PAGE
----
What can we expect from the Bahrain GP?
The battle is on! After Sebastian Vettel won Australia’s season opener, Lewis Hamilton struck back with a win in the Chinese Grand Prix last time out. Now the action moves to Bahrain, and both Ferrari and Mercedes will be looking to regain the advantage. So what can we expect from the Bahrain GP?
Duel in the desert
With one win apiece so far, both Ferrari and Mercedes will want to gain the upper hand this weekend. Vettel and Hamilton both won on very different tracks in very different conditions. Both cars seem evenly matched in terms of pure pace in both qualifying and the race, so we should see a brilliant battle unfold in Bahrain.
Who will the conditions favour?
It’s difficult to predict who the Sakhir track will favour. Vettel won in the hot sunny conditions in Melbourne on a low-downforce track, whereas Hamilton’s victory came in the cold, damp conditions on the high-downforce Shanghai circuit. Bahrain’s temperatures would seem to favour Ferrari, except that the race will be a twilight event and temperatures will drop during the action. Bahrain is similar to Shanghai with a mix of fast corners and long straights, although it doesn’t require quite as much downforce as China. This would seem to be the best opportunity so far to witness a wheel-to-wheel battle between Vettel and Hamilton.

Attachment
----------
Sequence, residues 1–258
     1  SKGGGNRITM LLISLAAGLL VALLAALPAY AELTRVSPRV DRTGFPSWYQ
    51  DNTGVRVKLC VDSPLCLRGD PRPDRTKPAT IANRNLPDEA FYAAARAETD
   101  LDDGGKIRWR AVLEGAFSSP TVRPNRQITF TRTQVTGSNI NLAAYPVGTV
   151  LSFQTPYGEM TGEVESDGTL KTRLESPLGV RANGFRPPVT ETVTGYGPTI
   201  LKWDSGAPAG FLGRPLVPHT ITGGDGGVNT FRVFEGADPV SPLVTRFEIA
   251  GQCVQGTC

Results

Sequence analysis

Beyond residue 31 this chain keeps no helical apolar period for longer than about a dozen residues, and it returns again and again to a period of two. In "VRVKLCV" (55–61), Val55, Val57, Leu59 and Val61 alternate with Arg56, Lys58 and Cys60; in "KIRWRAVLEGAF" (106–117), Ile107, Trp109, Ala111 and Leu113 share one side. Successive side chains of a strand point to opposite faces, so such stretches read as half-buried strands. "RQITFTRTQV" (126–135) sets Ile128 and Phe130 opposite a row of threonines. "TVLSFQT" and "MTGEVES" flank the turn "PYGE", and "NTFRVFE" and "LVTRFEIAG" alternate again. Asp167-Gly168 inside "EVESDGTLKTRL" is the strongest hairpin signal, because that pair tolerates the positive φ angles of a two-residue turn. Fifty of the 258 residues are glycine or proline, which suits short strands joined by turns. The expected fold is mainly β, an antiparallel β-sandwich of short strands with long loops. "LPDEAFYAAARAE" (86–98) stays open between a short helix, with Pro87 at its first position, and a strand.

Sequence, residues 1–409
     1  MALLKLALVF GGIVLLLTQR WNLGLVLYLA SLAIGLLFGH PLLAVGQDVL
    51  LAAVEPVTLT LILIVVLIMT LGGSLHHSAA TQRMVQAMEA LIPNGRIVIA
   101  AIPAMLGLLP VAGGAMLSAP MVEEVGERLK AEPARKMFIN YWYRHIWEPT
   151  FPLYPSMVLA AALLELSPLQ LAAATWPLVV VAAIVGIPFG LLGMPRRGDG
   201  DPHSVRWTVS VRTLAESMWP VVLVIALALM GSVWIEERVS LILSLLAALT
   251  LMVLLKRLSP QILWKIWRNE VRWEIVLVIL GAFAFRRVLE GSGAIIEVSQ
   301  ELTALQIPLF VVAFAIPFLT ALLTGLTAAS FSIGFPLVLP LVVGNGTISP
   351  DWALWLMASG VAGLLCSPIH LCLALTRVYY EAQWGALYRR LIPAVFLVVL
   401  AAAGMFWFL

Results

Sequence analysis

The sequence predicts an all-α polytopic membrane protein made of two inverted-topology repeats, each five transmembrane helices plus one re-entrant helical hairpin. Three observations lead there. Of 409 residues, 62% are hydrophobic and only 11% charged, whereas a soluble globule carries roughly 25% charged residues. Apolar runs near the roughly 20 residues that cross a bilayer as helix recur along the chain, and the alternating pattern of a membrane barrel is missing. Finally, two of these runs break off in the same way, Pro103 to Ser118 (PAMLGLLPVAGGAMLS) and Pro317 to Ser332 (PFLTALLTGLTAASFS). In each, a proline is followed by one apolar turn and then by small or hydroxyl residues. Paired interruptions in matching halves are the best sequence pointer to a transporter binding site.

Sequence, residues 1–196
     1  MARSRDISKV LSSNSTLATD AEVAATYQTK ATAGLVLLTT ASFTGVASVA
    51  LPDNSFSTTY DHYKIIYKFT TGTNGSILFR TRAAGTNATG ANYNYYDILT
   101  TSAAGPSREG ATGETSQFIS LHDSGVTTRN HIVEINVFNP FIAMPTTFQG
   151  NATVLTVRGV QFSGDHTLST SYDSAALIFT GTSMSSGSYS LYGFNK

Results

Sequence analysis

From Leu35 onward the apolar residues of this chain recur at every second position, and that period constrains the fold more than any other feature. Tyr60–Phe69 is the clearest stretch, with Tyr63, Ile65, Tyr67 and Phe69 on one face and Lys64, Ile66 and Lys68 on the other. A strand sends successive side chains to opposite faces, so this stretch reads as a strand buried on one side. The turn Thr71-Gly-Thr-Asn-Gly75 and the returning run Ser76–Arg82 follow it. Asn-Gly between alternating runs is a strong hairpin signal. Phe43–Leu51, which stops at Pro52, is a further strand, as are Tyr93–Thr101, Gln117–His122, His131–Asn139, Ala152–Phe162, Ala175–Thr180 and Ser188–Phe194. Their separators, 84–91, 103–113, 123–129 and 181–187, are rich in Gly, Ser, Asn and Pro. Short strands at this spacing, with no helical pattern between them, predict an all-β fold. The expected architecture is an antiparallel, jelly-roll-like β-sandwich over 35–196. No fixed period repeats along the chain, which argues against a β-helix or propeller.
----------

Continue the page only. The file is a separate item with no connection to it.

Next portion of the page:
Regression for Red Bull
After a stunning drive from 16th to 3rd for Max Verstappen in China’s changeable conditions, Red Bull will feel stronger. However, they are still a little way off in terms of pure pace in the dry conditions, so will struggle to enjoy similar success in Bahrain. With a good strategy they could challenge for third again with Verstappen and team-mate Daniel Ricciardo, duelling with Ferrari’s Kimi Raikkonen and Mercedes’ Valtteri Bottas for the final podium place. But if Red Bull are strong in slightly cooler conditions, they could be more competitive in the twilight of Bahrain.
More change in the midfield
After seemingly opening as the fourth-best team in Melbourne, Williams struggled in China. But was that down to the higher downforce levels or the low temperatures? Right now, Toro Rosso and Force India hold the edge in the midfield mix, as both cars look competitive across all conditions. Haas should be right in the mix as well if they can keep both cars running. Renault aren’t far away, and have been unlucky not to score points in the first two rounds. Overtaking is possible at the Sakhir circuit, so expect a close-fought contest.
Wehrlein plays catch up
Sauber’s Pascal Wehrlein should be fit to race this weekend, unless his Race of Champions back injury is worse than originally thought. After being handled by reserve driver Antonio Giovinazzi in the first two rounds, we should now see how close Sauber is with Wehrlein at the wheel. Wehrlein is likely to be faster than team-mate Marcus Ericsson, so seeing where Sauber slots in in the pecking order will be interesting.